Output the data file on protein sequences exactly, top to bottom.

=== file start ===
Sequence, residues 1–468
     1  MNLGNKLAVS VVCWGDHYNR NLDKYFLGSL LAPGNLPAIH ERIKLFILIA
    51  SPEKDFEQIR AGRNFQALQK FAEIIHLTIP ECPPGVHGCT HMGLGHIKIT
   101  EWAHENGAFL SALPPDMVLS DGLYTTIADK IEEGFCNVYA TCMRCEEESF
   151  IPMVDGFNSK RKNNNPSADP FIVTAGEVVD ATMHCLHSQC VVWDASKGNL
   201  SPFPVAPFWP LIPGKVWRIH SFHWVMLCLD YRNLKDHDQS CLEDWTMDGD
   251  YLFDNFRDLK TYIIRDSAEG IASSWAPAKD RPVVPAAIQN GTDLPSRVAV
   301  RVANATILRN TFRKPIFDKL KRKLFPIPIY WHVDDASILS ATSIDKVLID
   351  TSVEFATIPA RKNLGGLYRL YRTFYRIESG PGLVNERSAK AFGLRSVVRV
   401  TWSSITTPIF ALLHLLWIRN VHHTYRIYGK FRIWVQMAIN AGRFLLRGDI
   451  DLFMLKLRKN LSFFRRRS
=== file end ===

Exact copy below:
Sequence, residues 1–468
     1  MNLGNKLAVS VVCWGDHYNR NLDKYFLGSL LAPGNLPAIH ERIKLFILIA
    51  SPEKDFEQIR AGRNFQALQK FAEIIHLTIP ECPPGVHGCT HMGLGHIKIT
   101  EWAHENGAFL SALPPDMVLS DGLYTTIADK IEEGFCNVYA TCMRCEEESF
   151  IPMVDGFNSK RKNNNPSADP FIVTAGEVVD ATMHCLHSQC VVWDASKGNL
   201  SPFPVAPFWP LIPGKVWRIH SFHWVMLCLD YRNLKDHDQS CLEDWTMDGD
   251  YLFDNFRDLK TYIIRDSAEG IASSWAPAKD RPVVPAAIQN GTDLPSRVAV
   301  RVANATILRN TFRKPIFDKL KRKLFPIPIY WHVDDASILS ATSIDKVLID
   351  TSVEFATIPA RKNLGGLYRL YRTFYRIESG PGLVNERSAK AFGLRSVVRV
   401  TWSSITTPIF ALLHLLWIRN VHHTYRIYGK FRIWVQMAIN AGRFLLRGDI
   451  DLFMLKLRKN LSFFRRRS